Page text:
Great blog posts by people I respect

First up from How to Live with Pain – Making positive psychological changes – including acceptance.  Just don’t put a timeframe on it, is my opinion.  Acceptance doesn’t mean you have to like your pain, it just means you let it be there without judging it.

You just HAVE to go to Dr Rob’s Musings of a Distractible Mind.  He always makes me laugh and think all at the same time!  Beware of grammatical elitism – those who would say that by ‘wantonly leav[ing] out spaces betweenwords and endanger the very fabric of the spacetime continuum by doingso’.  You decide whether healthcare should be two words or one… OK?

Psychology of pain – for hours of reading pleasure – Through this blog I found this link to ‘Overlapping Conditions’ – things like chronic fatigue syndrome, endometriosis, fibromyalgia, interstitial cystitis, irritable bowel syndrome, temporomandibular joint all overlap to a great extent.  Mohammed Yunus writes about these and describes them as central sensitisation disorder – worth a look.

Go on, take a look at Science-based Medicine blog – if anyone has EVER thought I was opinionated, think again – this is opinionated, and GREAT!  Don’t read it if you’re into energy healing or mythology of autism and immunisation, or any of the other myriad health fraud or woo disinformation that’s around.

Don’t panic, if you’re not mentioned here – it doesn’t mean I don’t love ya, just need more time and energy!!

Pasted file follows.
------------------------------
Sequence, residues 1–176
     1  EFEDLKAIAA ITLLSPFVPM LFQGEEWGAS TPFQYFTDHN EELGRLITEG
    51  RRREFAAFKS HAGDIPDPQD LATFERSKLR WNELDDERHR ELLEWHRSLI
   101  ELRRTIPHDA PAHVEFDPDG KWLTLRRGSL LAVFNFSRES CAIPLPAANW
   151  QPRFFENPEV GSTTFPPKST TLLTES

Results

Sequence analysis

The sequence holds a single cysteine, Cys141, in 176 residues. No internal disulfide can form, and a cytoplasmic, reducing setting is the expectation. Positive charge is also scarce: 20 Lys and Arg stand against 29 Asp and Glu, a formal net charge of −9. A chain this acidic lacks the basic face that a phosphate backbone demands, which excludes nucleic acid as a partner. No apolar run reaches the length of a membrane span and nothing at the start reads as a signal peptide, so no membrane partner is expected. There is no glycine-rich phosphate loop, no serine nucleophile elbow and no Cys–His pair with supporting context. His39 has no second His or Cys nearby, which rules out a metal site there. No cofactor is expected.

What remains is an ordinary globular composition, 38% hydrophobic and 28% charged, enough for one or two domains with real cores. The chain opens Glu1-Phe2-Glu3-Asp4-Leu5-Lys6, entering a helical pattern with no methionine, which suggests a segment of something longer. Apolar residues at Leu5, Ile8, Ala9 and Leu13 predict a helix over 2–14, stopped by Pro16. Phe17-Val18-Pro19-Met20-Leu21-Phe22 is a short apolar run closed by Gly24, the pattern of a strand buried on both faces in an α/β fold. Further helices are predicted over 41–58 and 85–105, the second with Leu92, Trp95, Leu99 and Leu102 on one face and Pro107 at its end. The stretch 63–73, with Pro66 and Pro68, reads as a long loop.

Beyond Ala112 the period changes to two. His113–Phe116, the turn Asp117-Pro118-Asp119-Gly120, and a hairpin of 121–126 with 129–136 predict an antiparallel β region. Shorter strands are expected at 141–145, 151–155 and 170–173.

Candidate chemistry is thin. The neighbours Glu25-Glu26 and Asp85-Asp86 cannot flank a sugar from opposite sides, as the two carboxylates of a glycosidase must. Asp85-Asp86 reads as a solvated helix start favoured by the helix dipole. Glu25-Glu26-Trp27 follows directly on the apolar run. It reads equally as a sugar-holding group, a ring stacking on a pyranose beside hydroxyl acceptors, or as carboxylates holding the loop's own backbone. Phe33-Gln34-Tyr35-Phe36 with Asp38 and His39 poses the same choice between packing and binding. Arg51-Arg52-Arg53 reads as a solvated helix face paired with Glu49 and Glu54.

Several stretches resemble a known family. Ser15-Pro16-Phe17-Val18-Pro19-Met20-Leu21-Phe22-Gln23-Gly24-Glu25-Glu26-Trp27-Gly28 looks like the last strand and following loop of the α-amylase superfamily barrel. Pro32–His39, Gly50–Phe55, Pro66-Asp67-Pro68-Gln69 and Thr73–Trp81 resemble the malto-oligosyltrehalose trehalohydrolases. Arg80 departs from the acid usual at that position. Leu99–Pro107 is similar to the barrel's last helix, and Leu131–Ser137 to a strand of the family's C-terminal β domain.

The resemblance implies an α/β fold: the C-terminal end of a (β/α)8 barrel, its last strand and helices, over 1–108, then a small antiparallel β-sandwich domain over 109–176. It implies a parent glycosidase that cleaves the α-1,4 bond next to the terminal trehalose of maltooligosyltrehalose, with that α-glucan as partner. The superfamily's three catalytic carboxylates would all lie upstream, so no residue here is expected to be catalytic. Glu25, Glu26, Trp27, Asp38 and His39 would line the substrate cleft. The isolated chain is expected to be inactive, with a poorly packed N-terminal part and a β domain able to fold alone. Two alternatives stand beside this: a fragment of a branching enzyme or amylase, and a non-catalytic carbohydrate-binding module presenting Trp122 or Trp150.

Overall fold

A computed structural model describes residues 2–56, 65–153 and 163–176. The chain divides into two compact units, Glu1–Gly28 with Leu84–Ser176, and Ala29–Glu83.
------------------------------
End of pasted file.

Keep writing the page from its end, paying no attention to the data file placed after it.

Friday Funnies and great places to go on the web

I know, I know… late with FF’s and missed a week – life is hectic at the moment, and I’m prioritising a teeny bit. However, I couldn’t resist the following, courtesy of Manly Jack. Not quite 1001 uses for duct tape, but close!

Great places on the web:

How to Cope with Pain – always good content for people who have chronic pain
PTJess’s blog – on things physical and good for you
Health informaticists – know what they are and what they can do for you? Take a look at (the) health informaticist blog for excellent content and links
Living Mindfully – ACT-based practice in Chicago with some wonderful content on ACT and mindfulness, along with notices on courses – Notice I’m not endorsing the courses, just the content that’s available, because I don’t advertise on this blog.

Last but not least – Heidi Allen Online – social media resources in healthcare . A valuable set of resources for health providers wanting to use Web 2.0

Friday Funnies – and special places on the net

Things I wish were real…and some that actually are.

Yes, that’s a USB pet rock.  It simply sits. Being a rock.

– if you get the munchies?

An occupational therapists ‘extreme solution’ (please, don’t!)

And special people and places I’ve seen…

Marianna Paulson, aka AuntieStress (on Twitter) – a warm, caring person who shares readily and writes about life as it is – go here for a taste

Research Blogging, edited by Dave Munger, tireless, indefatigable man with humour and passion for getting real research ‘out there’ – go here for the latest research posts

Tony Bridge – for a visual feast, and unafraid to be himself online and share his ups and downs, he comes across as very real – go here for stunning pictures